Only yards away, early morning traffic roared along New Hampshire Avenue but it would have taken more than that to distract the flock gathered for a sunrise service yesterday in the blossoming garden of Silver Spring's Good yshepherd United Methodist Church.
Draped in coats and blankets to ward off the morning chill, about 100 churchgoers sang hymns and watched teen-aged girls and boys enact scenes fromt he scriptures. A 10-foot-tall cross roughly hewn from tree trunks was the only prop.
It was Easter Sunday, and like hundreds of churches in the Washington area, Good Shepherd, a congregation of 850 members, had begun a meticulously planned celebration of Jesus' rise from the dead, the spiritual fountainhead of Christianity.
But it was not just a day for piety. In line with American tradition, yesterday was also an occasion to display new spring wardrobes, the talents of sons and daughters and unshakable good cheer. For a parish or congregation, Easter is the social was well as religious high point of the year, the day when weeks of hard work bear fruit and its church is proudly on display.
"I've never enjoyed doing dishes before," said Judy Harris. "But it was easy today. Now isn't that ridiculous? No, it's not. It's how you feel [on Easter]."
At the main services later in the morning, Good Shepherd members moved over to give room to visitors, and the 30-year-old church's paneled sanctuary was filled to near capacity. All told, about 600 people showed up -- twice the normal turnout.
Formed in the 1950s, Good Shpeherd's congregation first met on the second floor of a Silver Spring firehouse, then raised the money to build a permanent church. Now, the congregation is holding steady in numbers but is strongly feeling the pinch of inflation.
Inside the colonial-style brick place or worship near the boundary of Montgomery and Prince George's counties, Easter and its stories mean different things to different people.
To 10-year-old Trina Wood, decked out in her Easter best, it means "going to church, seeing friends, eating eggs."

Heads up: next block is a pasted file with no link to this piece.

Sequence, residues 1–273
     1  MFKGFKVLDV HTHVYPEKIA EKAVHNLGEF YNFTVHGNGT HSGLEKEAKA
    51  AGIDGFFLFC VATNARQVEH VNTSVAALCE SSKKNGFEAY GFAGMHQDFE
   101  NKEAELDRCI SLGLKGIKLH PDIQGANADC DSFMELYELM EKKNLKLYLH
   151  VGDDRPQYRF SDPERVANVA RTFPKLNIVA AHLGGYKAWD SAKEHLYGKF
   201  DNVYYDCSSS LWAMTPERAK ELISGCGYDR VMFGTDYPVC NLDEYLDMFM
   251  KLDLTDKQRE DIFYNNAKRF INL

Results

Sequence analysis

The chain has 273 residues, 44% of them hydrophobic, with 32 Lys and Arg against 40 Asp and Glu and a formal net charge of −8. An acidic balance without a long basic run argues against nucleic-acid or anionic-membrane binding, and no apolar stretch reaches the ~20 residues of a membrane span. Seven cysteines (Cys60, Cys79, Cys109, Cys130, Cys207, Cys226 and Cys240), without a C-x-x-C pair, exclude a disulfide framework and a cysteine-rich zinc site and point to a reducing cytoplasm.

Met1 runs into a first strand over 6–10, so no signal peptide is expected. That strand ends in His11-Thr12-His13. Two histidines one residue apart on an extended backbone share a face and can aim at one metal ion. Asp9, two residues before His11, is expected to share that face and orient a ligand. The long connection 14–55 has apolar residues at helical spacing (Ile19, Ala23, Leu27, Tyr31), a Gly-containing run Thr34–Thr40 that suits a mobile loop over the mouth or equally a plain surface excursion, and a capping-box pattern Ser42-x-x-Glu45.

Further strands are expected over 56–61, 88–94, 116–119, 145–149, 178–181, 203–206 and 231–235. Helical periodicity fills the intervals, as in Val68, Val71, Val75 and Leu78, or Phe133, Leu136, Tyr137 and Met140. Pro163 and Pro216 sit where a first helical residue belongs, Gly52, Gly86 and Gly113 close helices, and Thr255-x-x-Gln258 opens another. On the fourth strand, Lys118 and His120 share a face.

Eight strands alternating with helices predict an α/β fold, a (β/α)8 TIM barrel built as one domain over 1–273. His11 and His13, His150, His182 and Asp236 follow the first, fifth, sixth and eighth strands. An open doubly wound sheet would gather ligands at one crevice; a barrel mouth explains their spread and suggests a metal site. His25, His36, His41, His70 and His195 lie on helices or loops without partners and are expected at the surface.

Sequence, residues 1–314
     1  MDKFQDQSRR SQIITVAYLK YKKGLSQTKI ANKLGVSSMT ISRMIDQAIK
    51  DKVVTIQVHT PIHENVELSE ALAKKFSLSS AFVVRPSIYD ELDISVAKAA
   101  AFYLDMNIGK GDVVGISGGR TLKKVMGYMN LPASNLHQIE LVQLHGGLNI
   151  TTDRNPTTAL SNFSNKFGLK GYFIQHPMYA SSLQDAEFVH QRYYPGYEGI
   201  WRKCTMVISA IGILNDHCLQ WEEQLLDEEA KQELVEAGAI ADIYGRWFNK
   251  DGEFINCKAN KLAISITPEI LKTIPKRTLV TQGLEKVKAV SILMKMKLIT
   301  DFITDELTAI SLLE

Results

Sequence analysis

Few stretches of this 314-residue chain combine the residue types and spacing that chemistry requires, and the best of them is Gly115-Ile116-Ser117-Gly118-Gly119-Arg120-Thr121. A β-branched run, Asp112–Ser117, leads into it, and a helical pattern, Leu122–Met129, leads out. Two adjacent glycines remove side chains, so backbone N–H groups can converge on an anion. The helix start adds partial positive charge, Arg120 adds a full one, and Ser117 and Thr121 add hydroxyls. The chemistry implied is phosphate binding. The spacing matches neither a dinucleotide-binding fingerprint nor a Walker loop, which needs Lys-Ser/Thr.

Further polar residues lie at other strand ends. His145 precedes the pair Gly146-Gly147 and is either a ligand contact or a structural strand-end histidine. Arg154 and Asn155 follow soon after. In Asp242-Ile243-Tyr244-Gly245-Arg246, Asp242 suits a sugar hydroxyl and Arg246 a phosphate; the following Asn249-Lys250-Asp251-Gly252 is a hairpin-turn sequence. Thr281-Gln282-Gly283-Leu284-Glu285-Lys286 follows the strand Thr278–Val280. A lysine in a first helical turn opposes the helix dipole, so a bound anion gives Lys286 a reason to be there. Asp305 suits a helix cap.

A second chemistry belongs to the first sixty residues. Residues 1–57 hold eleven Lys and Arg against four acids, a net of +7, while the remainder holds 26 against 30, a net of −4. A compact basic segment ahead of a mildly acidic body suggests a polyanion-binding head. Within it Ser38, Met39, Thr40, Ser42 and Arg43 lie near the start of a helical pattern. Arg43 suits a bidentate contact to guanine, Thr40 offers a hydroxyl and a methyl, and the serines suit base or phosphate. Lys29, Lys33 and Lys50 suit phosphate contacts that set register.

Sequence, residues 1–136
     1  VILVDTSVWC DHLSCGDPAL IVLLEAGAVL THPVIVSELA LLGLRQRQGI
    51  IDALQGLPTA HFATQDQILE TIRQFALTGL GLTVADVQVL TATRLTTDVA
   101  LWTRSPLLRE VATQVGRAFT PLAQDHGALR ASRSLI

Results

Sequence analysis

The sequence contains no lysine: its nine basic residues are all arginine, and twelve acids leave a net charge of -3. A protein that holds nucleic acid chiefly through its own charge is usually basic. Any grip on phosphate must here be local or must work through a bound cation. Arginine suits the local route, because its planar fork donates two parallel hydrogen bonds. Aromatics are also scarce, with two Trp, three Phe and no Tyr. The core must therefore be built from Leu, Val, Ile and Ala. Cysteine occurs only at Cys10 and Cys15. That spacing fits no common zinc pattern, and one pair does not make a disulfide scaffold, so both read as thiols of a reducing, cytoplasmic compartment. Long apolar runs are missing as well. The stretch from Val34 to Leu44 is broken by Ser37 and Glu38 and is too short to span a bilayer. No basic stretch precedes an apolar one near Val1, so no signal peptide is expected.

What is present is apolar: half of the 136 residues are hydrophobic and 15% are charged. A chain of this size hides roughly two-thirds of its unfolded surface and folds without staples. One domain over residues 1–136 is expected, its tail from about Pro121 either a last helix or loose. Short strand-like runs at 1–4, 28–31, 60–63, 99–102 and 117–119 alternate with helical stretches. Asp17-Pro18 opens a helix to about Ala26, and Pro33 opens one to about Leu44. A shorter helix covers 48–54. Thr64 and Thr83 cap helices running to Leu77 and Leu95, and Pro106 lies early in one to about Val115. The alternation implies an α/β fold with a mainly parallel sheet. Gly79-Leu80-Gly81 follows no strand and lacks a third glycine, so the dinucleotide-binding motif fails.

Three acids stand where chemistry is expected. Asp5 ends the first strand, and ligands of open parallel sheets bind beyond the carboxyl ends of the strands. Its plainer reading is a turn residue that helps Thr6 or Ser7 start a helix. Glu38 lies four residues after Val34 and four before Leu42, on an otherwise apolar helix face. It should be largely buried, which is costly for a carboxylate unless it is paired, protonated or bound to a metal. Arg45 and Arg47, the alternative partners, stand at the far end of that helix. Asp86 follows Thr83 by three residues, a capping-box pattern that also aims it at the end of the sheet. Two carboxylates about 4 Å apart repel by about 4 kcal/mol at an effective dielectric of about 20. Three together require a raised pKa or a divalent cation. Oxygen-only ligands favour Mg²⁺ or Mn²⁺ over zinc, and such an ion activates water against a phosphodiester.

To Rick Darling, an IRS official who directs Good Shepherd's Sunday school, Easter is a sign that the trials of winter (including the seasonal plague of poor attendance) have eased, making it "pretty clear that it's all down hill [from here], that we've crested and kept the church together."
To the church's energetic minister, the Rev. James Archibalc, it commemorates the Resurrection, "something so intensely unusual that it caught the attention of all of history." Without Easter, Archibald says, "Jesus would have gone down as [just] another good guy."
For Archibald and his congregation, planning how to celebrate the Easter season actually began last fall when a church committee polled members on what they wanted this year and got back 71 responses. By the time everything was over, more than 100 people had participated in some aspect of preparing for the celebration, from erecting the cross used in the sunrise service to preparing meals.
The formal program started on March 4, Ash Wednesday, the beginning of Lent -- 40 days of religious reflection that were probably first observed during the Middle Ages. First was a series of Tuesday evening dinners attended by about 90 people to introduce congregation members to each other -- the church's children attend some 23 different schools.
Last Thursday, Maunday Thursday, the day of the Last Supper, was commemorated with a traditional Jewish Passover meal, which is what Jesus and the disciples ate that night. On Good Friday more services marked the day of the crucifixion itself, opening the way for Easter.
Main services began at 9:30 with the hymn "Christ the Lord is Risen Today" as two choirs led by Easter banner carriers moved in procession down the aisles. The service underway, Archibald delivered a sermond touching on the world's current moral muddle, the inspiration of Jesus' Resurrection and other familiar Easter themes.
There were speical additions to the service: a dance interpretation to a choral anthem, a string quartet and a trumpet player to accompany the choirs. Services closed out with an impressive performance of the Hallelujah Chorus from Handel's Messiah.
Afterwards, Archibald stood at the door pressing the hands of worshipers. For those interested, coffee, tea, and fellowship were available in the church parlor. Another Easter season was past.